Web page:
Might want to read this one by Justin Parmenter on his blog Notes From the Chalkboard:

What Parmenter’s post reminds veteran teachers is that we can be either “at” the table or “on” the table.

For teachers in North Carolina, there are many other prepositions that could identify the relationship between the legislation process and teacher input such as “under” the table, “without” a place at the table, or not “behind” those closed doors.

As a veteran public school teacher, when I see entities like BEST NC or other “business-minded” reformers defending or lauding a piece of legislation or pushing an initiative like this merit pay proposal, I take it with a grain of salt.

Or an entire salt block.

Aside from the glowing generalities that sprinkle the rhetoric of many a reformer, too many of these “innovations” that have been created and enacted in North Carolina lack a crucial and vital component: teacher input.

Think of  those “new and pioneering solutions” that include the new teacher licensure and pay plan, the continuing rise of charter schools, the expansion of vouchers, the gutting and rebirth of a distant relative in the Teaching Fellows Program, and much more.

They all have one thing in common: no wide teacher input.

When the NC General Assembly went into GOP hands and McCrory came to the governor’s mansion, the process of “reforming” education began in earnest. There was the removal of due-process rights, the removal of graduate degree pay, push for merit pay, bonus pay, removal of longevity pay, removal of class size caps and then the recent hoaxes of indoctrination and the teaching of CRT.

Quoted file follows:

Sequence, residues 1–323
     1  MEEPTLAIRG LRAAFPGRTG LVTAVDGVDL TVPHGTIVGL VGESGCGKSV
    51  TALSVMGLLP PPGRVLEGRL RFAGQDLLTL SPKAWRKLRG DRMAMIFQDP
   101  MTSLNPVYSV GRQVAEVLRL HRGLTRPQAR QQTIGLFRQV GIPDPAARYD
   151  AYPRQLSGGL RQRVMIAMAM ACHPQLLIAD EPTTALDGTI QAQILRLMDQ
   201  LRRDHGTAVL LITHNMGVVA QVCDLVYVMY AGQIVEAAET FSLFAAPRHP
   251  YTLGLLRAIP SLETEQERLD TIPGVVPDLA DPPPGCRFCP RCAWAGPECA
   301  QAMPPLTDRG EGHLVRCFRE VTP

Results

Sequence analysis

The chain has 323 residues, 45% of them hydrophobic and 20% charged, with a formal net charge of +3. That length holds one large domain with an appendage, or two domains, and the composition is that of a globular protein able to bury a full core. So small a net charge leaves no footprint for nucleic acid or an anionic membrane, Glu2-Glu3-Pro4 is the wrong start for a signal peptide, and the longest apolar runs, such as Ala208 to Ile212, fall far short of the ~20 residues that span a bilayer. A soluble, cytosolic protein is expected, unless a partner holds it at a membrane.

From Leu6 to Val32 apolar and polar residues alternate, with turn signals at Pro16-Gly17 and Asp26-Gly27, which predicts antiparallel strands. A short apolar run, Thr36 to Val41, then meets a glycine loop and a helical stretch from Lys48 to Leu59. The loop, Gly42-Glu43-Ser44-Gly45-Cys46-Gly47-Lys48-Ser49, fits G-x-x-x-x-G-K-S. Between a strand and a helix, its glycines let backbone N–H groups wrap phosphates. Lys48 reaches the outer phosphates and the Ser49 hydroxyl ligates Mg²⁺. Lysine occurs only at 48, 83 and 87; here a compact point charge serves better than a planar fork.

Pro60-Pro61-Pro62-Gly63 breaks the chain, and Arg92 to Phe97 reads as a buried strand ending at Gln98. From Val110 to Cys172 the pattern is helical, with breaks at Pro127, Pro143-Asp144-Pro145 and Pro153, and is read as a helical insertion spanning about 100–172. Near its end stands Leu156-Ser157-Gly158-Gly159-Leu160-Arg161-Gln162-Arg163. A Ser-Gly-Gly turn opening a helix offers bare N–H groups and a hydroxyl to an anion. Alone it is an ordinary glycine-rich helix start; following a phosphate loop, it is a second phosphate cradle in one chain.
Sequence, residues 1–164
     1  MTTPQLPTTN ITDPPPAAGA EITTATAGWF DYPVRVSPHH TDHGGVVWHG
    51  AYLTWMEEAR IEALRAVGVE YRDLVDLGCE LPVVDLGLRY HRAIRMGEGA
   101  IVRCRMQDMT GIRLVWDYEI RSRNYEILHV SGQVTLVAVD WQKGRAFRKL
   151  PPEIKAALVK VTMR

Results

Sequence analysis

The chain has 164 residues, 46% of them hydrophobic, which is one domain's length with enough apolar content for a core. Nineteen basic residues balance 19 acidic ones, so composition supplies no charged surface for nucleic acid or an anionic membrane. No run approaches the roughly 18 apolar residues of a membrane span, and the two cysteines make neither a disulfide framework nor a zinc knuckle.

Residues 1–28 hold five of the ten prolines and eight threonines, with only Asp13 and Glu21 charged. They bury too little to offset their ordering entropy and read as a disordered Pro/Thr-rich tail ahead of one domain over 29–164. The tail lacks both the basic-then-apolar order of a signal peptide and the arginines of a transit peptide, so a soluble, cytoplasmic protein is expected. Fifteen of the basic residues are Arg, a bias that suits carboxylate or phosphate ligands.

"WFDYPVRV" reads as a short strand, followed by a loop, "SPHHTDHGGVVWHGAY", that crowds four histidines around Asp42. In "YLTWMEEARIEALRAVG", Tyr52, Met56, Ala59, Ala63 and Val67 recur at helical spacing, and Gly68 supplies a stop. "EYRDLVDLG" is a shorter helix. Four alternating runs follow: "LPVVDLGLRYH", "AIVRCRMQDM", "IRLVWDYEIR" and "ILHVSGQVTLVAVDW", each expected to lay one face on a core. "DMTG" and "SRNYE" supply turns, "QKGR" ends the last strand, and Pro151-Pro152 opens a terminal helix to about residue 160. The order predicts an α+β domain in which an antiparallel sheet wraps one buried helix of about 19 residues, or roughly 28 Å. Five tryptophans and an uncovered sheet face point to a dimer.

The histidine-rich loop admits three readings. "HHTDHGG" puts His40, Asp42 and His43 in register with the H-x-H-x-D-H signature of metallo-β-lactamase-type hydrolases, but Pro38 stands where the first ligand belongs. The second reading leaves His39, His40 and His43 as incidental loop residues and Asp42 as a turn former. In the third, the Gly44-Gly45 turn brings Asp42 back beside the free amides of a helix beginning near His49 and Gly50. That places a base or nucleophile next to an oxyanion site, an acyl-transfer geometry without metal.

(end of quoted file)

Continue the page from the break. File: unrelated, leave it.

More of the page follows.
The list goes on.

Were there any teachers involved in these reforms? Any teacher advocacy groups consulted? Any way a teacher could chime in other than a questionnaire that only one question on it that allowed for multiple answers from a prepared drop-down menu?

Those are not rhetorical questions. And considering that the current General Assembly seems bent upon diluting the voice of groups like NCAE, it should not be a stretch to realize that teachers are not consulted when it comes to schools.

There are a slew of bills dealing with teachers and public schools that will be debated this next long session that will probably have no real teacher input. And while many may have the veneer of goodwill, underneath they still may be hollow.

When education reformers try and push their agendas can they actually really claim that they have extended relationships with actual teachers and teacher groups?

At one time we as a state helped lead the South in educational innvation.

We sure did. We were considered one of the most progressive public education state systems in the southeast.

But that was before teachers were not allowed to be “at” the table any longer.

However, there are ways that the table ( and the menu) can be reclaimed.

One is to vote for pro-public education leaders who listen to teachers.





Source link

About Author

Clarence Choe